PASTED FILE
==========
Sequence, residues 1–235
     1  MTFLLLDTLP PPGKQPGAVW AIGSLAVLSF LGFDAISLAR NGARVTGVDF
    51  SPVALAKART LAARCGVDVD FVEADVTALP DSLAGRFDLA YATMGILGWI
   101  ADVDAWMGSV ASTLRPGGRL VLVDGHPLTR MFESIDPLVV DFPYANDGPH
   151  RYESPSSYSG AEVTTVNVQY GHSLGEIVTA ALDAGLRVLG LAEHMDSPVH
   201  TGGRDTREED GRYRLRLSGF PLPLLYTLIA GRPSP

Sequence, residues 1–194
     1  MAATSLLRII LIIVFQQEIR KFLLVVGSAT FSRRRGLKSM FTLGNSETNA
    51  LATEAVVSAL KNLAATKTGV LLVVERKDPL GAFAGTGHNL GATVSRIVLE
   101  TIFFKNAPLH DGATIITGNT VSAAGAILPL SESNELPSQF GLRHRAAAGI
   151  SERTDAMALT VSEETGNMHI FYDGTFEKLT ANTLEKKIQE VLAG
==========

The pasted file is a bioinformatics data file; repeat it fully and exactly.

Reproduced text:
Sequence, residues 1–235
     1  MTFLLLDTLP PPGKQPGAVW AIGSLAVLSF LGFDAISLAR NGARVTGVDF
    51  SPVALAKART LAARCGVDVD FVEADVTALP DSLAGRFDLA YATMGILGWI
   101  ADVDAWMGSV ASTLRPGGRL VLVDGHPLTR MFESIDPLVV DFPYANDGPH
   151  RYESPSSYSG AEVTTVNVQY GHSLGEIVTA ALDAGLRVLG LAEHMDSPVH
   201  TGGRDTREED GRYRLRLSGF PLPLLYTLIA GRPSP

Sequence, residues 1–194
     1  MAATSLLRII LIIVFQQEIR KFLLVVGSAT FSRRRGLKSM FTLGNSETNA
    51  LATEAVVSAL KNLAATKTGV LLVVERKDPL GAFAGTGHNL GATVSRIVLE
   101  TIFFKNAPLH DGATIITGNT VSAAGAILPL SESNELPSQF GLRHRAAAGI
   151  SERTDAMALT VSEETGNMHI FYDGTFEKLT ANTLEKKIQE VLAG